If specified, the Bareos File Daemon will bind to the specified address when creating outbound connections. If this record is not specified, the kernel will choose the best address according to the routing table (the default).

Heartbeat Interval
Type: TIME 0

This record defines an interval of time in seconds. For each heartbeat that the File daemon receives from the Storage daemon, it will forward it to the Director. In addition, if no heartbeat has been received from the Storage daemon and thus forwarded the File daemon will send a heartbeat signal to the Director and to the Storage daemon to keep the channels active. Setting the interval to 0 (zero) disables the heartbeat. This feature is particularly useful if you have a router that does not follow Internet standards and times out a valid connection after a short duration despite the fact that keepalive is set. This usually results in a broken pipe error message.

LMDB Threshold
Type: PINT32
Log Timestamp Format
Type: STRING 15.2.3
Maximum Bandwidth Per Job
Type: SPEED

The speed parameter specifies the maximum allowed bandwidth that a job may use.

Maximum Concurrent Jobs
Type: PINT32 20

This directive specifies the maximum number of Jobs that should run concurrently. Each contact from the Director (e.g. status request, job start request) is considered as a Job, so if you want to be able to do a status request in the console at the same time as a Job is running, you will need to set this value greater than 1.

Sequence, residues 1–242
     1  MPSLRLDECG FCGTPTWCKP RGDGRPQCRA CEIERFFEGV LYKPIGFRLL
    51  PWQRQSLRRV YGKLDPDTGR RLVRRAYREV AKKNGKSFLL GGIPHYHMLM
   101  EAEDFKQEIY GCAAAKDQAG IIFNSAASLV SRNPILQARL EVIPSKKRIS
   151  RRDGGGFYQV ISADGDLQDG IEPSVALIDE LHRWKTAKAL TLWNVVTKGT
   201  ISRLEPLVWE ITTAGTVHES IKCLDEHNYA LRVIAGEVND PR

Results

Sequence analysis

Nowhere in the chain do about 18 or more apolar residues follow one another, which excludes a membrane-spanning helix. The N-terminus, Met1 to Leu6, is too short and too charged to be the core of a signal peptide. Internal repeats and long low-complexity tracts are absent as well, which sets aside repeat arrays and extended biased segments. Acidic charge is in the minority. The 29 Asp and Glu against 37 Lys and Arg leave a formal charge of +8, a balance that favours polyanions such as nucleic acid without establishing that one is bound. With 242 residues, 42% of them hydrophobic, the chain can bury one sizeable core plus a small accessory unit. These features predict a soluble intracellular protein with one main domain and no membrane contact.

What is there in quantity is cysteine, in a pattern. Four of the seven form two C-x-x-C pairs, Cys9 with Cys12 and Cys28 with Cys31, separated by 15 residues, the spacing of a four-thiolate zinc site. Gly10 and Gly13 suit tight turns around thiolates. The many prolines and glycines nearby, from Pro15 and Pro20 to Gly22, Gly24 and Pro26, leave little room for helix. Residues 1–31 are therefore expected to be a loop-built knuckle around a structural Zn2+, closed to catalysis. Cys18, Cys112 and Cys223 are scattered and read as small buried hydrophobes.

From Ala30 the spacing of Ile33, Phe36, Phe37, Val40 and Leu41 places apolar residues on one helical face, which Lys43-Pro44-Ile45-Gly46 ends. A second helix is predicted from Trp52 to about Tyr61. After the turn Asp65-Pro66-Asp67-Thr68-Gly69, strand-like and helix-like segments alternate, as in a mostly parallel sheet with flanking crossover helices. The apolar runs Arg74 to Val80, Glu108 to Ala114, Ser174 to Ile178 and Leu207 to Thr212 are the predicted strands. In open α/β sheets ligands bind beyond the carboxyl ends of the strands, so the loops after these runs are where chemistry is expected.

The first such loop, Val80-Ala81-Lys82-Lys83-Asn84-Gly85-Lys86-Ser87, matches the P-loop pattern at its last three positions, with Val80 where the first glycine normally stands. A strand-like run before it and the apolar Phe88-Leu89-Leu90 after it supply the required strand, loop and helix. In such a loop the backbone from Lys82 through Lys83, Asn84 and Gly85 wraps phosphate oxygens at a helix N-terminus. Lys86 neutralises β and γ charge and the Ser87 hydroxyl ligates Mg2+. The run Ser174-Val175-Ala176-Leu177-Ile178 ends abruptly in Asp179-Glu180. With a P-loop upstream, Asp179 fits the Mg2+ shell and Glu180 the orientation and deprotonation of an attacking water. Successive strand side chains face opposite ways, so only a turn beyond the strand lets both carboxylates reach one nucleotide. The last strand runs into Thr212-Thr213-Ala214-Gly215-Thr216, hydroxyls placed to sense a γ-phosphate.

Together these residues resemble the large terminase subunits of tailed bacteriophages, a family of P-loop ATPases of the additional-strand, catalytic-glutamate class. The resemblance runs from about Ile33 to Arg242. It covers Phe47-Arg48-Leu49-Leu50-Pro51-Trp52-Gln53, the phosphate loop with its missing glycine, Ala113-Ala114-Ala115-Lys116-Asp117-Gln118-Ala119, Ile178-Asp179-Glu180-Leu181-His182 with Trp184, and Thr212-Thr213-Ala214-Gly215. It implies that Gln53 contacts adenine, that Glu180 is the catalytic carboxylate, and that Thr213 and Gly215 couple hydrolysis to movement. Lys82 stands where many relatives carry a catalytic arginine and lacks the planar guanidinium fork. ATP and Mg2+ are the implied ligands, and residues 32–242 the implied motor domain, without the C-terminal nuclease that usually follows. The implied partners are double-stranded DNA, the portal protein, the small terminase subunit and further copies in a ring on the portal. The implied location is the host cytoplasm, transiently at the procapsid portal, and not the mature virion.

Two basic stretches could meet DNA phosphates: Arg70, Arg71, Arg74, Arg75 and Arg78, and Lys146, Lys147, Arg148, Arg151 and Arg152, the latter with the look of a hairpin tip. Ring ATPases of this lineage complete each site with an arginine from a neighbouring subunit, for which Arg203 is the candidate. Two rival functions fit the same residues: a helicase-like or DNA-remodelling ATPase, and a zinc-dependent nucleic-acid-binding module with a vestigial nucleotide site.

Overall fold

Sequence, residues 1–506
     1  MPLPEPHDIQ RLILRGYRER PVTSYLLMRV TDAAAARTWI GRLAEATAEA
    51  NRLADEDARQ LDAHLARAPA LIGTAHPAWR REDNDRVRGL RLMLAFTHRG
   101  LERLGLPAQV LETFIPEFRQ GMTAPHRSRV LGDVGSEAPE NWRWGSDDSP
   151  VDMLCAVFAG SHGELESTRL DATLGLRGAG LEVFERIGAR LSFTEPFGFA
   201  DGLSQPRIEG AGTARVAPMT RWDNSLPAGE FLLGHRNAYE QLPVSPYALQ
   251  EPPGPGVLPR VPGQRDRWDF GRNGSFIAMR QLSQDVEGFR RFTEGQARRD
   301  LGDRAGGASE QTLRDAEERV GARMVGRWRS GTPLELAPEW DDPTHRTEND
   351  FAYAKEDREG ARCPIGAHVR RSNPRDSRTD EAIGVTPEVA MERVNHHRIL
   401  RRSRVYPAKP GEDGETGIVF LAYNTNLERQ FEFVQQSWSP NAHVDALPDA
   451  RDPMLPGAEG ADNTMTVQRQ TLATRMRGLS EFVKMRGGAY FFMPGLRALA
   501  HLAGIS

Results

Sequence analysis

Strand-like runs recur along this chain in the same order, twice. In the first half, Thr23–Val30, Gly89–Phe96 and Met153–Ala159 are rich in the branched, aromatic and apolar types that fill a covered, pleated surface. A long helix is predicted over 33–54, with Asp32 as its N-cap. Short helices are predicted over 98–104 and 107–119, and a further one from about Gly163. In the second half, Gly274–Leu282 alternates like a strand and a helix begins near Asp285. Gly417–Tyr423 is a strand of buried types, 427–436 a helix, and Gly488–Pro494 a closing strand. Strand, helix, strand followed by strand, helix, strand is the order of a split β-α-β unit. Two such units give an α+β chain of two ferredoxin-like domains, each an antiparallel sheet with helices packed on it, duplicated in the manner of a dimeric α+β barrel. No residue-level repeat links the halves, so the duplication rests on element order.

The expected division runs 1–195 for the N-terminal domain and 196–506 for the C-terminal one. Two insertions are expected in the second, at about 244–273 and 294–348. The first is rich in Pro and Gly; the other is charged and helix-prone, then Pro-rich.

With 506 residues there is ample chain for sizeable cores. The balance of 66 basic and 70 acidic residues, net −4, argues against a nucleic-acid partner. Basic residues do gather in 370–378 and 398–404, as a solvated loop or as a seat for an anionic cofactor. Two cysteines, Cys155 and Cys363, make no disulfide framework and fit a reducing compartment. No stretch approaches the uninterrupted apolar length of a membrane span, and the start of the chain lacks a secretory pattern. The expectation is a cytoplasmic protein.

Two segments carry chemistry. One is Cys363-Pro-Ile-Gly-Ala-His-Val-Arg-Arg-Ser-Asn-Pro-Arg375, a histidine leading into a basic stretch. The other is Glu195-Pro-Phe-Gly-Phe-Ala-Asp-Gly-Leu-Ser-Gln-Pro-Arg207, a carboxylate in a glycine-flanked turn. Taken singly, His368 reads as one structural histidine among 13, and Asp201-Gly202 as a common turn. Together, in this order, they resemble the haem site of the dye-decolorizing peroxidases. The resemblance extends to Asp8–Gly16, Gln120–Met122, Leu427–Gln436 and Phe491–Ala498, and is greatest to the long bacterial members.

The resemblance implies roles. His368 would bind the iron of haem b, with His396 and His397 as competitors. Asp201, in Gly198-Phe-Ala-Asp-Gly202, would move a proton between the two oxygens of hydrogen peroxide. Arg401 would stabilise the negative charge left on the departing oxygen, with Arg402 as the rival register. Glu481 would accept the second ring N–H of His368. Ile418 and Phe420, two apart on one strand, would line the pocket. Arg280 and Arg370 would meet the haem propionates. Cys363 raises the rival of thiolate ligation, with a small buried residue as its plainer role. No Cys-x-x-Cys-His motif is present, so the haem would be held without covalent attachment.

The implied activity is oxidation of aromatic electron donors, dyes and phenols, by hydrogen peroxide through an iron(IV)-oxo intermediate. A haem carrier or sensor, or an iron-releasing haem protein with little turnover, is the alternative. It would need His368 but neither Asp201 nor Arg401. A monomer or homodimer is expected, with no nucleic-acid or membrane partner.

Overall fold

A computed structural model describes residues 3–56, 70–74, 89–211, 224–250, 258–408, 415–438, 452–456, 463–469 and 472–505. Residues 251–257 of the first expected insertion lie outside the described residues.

Maximum Connections
Type: PINT32 42 15.2.3
Maximum Network Buffer Size
Type: PINT32

This directive specifies the initial network buffer size to use. This size will be adjusted down if it is too large until it is accepted by the OS. Please use care in setting this value since if it is too large, it will be trimmed by 512 bytes until the OS is happy, which may require a large number of system calls. The default value is 65,536 bytes.

Note, on certain Windows machines, there are reports that the transfer rates are very slow and this seems to be related to the default 65,536 size. On systems where the transfer rates seem abnormally slow compared to other systems, you might try setting the Maximum Network Buffer Size to 32,768 in both the File daemon and in the Storage daemon.

Messages
Type: RES
Name
Required: True NAME

The name of this resource. It is used to reference to it.

The client name that must be used by the Director when connecting. Generally, it is a good idea to use a name related to the machine so that error messages can be easily identified if you have multiple Clients. This directive is required.

Pid Directory
Type: DIRECTORY deprecated

Since Version >= 21.0.0 this directive has no effect anymore. The way to set up a pid file is to do it as an option to the Client binary with the -p <file> option, where <file> is the path to a pidfile of your choosing. By default, no pidfile is created.

Pki Cipher
Type: ENCRYPTION_CIPHER aes128

PKI Cipher used for data encryption.

See the Data Encryption chapter of this manual.

Depending on the openssl library version different ciphers are available. To choose the desired cipher, you can use the PKI Cipher option in the filedaemon configuration. Note that you have to set Compatible (Fd->Client) = no:

FileDaemon {
Name = client1-fd